Mythic Russia

Heroic roleplaying in a mythical medieval Russia

How Old is Moscow? Maybe 100+ years than we thought — August 21, 2017

How Old is Moscow? Maybe 100+ years than we thought

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The Founding of Moscow, by Apollinari Vasnetsov

Moscow is being rebuilt and redeveloped, from the tearing up of pavements (to, cynics say, essentially relay them with the same stones, netting fat profits for well-connected construction firms…) to replacing often-crumbling Khrushchev-era housing blocks. The city’s archaeologists have been unexpected beneficiaries of this public building jamboree, as excavations have unearthed all kinds of finds, some of which appear to suggest the city actually dates back further than originally believed. (There’s a very good article on this, in English, on the Moscow Mayor’s Office website.)

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Old Moscow: the wooden walls, by Apollinari Vasnetsov

The usual date of Moscow’s founding is given as 1147, when the Hypatian Codex mentions it as the fortified village where Prince Yuri Dolgorukiy met Northern-Novgorod prince Svyatoslav. According to the Tver Chronicle, it was actually in 1156 when Grand Prince Yuri Volodimerich laid down the foundations of a fort between the mouths of the Neglinnaya and Yauza Rivers, around which formed the township of Moscow.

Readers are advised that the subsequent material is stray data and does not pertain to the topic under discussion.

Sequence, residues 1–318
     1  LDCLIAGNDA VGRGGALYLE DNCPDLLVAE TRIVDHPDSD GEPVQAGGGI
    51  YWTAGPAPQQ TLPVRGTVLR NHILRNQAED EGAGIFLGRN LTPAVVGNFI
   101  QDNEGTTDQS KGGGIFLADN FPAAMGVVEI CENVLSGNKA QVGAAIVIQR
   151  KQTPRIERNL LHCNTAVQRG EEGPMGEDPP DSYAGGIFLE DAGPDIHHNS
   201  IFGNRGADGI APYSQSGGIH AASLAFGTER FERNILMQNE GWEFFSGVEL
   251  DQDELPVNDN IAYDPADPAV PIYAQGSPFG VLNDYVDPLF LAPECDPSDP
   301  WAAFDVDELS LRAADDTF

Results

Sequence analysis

According to Leonid Kondrashev, Moscow’s chief archaeologist, new evidence suggests that the city was actually founded a hundred years earlier, during Kievan Prince Izyaslav’s campaigns against the Galindian tribes, or even earlier.

Kondrashev has suggested that scholars will be reluctant to agree on an earlier date because 1147 has already become entrenched within the city’s historical narrative, but one could also suggest that this may be part of the current fad for historical revisionism and a desire to make the city’s pedigree all the more glorious. After all, in today’s Russia, history is very political

Not-at-all Mythic Russia: the Moscow Mayhem playset for Fiasco — August 13, 2017

Not-at-all Mythic Russia: the Moscow Mayhem playset for Fiasco

Red Square Graphic

Forgive this brief break in transmission, but I’m just using this site also to host a piece of very different Russia-related roleplaying, the Moscow Mayhem playset for FIASCO, the ingenious storytelling game of “ordinary people with powerful ambition and poor impulse control.” It provides the basic setting, motivations and other playset elements for play in today’s Moscow:

2017, and Moscow, the Third Rome, has got its second wind. After the misery and chaos of the 1990s, it is now a capital of paradoxes: swanky, high-end luxury stores, a clear, shiny metro, but also crumbling Soviet-era housing estates and miserable, grimy suburbs. The in-your-face gangsterism has receded, not least as corrupt officials in their imported suits call the shots, but in some ways that just opens up new opportunities for the desperate, the stupid, the opportunistic, and the over-optimistic. You know, people like you…